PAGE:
Amiibos are plastic figures based on games released for Nintendo consoles, some of which have a high collector’s value. The figures include a small NFC chip in the base that allows users to unlock special bonuses when used with specific games.
For example, there are many Amiibos for the game “The Legend of Zelda”. The game is a great example of implementation, because collecting Amiibos can be expensive. In this tutorial, I’ll show you step by step how to create your own Amiibos with cheap NFC chips and an Android device.
- An Android smartphone or tablet with NFC support
- At least one NFC 215 Tag (IMPORTANT: It must be NFC 215)
NFC 215 cards (different quantities) – Link to Amazon
NFC 215 Sticker (various quantities) – Link to Amazon
- At least one Amiibo code
Super Mario Amiibo – Link to Amazon
At least one Amiibo code – Link to free Downloads
- Free TagMo App – Link to GitHub
- Additional software for Android so TagMo works free of moos with Amiibos
locked_secret.bin – Link to free Download
unfixed_info.bin – Link to free Download
Step 1 – Prepare Android device
- Since the TagMo app is not available in the Play Store, it must be downloaded and installed via GitHub. In order to install apps that are not available in the Play Store, this must be set in the Android setting in the Security menu.
- Now two more software packages have to be downloaded and installed on the Android device for TagMo to work properly with the Amiibos.
locked_secret.bin – Link to free Download
unfixed_ifo.bin – Link to free Download
Step 2 – Download or read Amiibo codes
There are two ways to read in the Amiibo codes. Either you open the original packaging of an already purchased Amiibos. However, this loses much of its value, because only unopened Amiibos have a collector’s value.
Scanning the Amiibo code through the package is not possible because the NFC tag is secured with a metal foil inside the package.
As a second option, the Amiibo codes can be downloaded free of charge. Please read the disclaimer at this point as there might be a suspicion that you want to make pirated copies.
Many download links to the Amiibo codes can be found here.
It is important that you unpack the .zip files on the Android device, or provide them on the Android device, for example, via a download link, because then the .bin files are automatically detected when reading in the TagMo app.
Step 3 – Write NFC tags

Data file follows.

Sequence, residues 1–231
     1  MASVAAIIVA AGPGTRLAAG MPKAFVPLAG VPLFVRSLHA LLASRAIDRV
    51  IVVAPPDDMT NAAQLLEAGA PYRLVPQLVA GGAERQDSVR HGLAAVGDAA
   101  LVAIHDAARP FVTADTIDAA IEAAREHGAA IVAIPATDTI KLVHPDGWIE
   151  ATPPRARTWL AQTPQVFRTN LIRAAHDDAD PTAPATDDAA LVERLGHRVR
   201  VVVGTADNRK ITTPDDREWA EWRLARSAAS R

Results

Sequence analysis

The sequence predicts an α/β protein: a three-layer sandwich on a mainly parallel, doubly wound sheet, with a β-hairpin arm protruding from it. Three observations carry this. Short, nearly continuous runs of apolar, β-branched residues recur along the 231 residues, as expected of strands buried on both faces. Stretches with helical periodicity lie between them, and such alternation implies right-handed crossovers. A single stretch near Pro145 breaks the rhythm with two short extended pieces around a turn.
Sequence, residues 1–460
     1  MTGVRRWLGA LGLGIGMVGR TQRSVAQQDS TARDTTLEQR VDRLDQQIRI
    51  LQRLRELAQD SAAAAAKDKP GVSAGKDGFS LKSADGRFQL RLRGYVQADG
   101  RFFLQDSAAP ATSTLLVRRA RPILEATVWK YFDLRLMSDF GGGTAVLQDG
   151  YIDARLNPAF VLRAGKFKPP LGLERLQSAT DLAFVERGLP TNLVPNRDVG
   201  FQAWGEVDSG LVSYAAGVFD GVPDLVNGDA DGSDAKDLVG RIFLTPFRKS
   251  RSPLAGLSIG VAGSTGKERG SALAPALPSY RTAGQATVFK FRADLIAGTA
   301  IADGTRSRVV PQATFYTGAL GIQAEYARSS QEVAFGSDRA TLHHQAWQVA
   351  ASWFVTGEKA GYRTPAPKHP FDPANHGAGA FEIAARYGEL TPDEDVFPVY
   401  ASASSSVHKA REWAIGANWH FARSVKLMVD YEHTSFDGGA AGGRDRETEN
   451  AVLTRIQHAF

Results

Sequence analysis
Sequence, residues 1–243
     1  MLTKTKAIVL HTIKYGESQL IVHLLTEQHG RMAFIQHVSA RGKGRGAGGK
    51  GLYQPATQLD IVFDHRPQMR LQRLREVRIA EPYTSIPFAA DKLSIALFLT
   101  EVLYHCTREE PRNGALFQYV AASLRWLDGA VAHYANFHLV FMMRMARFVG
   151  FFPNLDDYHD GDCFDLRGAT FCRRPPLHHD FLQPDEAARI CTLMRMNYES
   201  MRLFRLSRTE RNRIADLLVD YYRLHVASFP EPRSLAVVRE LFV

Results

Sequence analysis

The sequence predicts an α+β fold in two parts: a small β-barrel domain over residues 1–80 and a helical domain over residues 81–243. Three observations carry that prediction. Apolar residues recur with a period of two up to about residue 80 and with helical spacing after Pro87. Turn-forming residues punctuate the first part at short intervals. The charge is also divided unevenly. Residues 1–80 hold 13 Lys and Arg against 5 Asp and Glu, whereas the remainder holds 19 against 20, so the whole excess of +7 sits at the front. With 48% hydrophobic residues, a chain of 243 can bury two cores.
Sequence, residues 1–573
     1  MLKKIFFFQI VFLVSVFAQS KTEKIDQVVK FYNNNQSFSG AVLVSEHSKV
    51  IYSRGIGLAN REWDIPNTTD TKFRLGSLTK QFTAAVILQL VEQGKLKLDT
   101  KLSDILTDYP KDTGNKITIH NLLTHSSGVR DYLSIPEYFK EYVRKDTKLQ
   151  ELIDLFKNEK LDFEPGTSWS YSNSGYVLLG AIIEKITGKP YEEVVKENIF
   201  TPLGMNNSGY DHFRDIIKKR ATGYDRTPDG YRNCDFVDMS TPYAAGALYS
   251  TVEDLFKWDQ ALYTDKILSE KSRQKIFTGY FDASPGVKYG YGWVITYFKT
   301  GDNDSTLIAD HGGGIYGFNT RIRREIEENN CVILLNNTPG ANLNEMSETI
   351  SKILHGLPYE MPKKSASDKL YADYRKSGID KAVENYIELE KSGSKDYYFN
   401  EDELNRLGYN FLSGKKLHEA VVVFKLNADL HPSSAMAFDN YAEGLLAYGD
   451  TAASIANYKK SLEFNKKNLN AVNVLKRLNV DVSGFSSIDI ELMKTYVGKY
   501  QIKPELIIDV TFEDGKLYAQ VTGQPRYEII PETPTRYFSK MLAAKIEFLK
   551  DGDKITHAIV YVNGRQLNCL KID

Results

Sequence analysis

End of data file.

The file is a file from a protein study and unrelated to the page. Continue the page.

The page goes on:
Now that the Android device is set up and you have your Amiibo-Bin files for writing, you can load the Amiibo data to an unrecorded NFC tag.
- open the TagMo App.
- Click on “Load Tag”
- Select the scanned or downloaded Amiibo of your choice.
In my example, I have already deposited 3 codes for Zelda.
- Click on “Write Tag”.
- Now hold the unwritten NFC tag to the NFC writer chip. This is usually located on the back of the Android device. I’m using an old Nexus 7 tablet in this tutorial, which is still quite adequate for this application today.
The successful writing process is confirmed with an acoustic signal and the pop-up “Done”.
Step 4 – Validate
After creating your own Amiibo on an Android device, you can check if it worked. You can do this pretty quickly by clicking the “Tag Scan” button in the TagMo app. Then you see what was written on the NFC tag. Of course you can also use your Nintendo to use the Amiibo in one game. Hold the NFC tag over the right analog stick on the JoyCon and the Amiibo is available in the game.
If this is not the case and you have never used an Amiibo, please check the settings in the console, as the use of Amiibos must be enabled in the settings.
Duplicating Amiibo codes is pretty easy. However, please note the disclaimer, because Amiibo codes may only be copied after purchase as a backup copy for your own use. To do this, the original Amiibo packaging must be opened as the NFC tag is protected from being read by a metal layer. By opening the packaging, the Amiibo loses considerably in value.
Furthermore, you must be aware that you can use an NFC blank for Amiibos only once. Although there are Amiibos, which can be used multiple times in the game, this is also possible with cloned Amiibos. But once you have your own Amiibo buried, it is tied to your Nintendo console or account.
Means like an original Amiibo you can use it several times depending on the Amiibo, but an Amiibo NFC tag can not be deleted and rewritten.
As an alternative to the non-rewritable NFC tags, you can also use an amiiqo. Up to 200 Amiibos can be stored on this special NFC memory and the amiiqo can be deleted and rewritten several times.
amiiqo – Link to Amazon
How to duplicate RFID keycards and transponders, I’ll show you in this tutorial – RFID Writer Tutorial
You are interested in RFID / NFC hacking? Watch this post – Hacking like Mr. Robot Part 3 – Cloning RFID Cards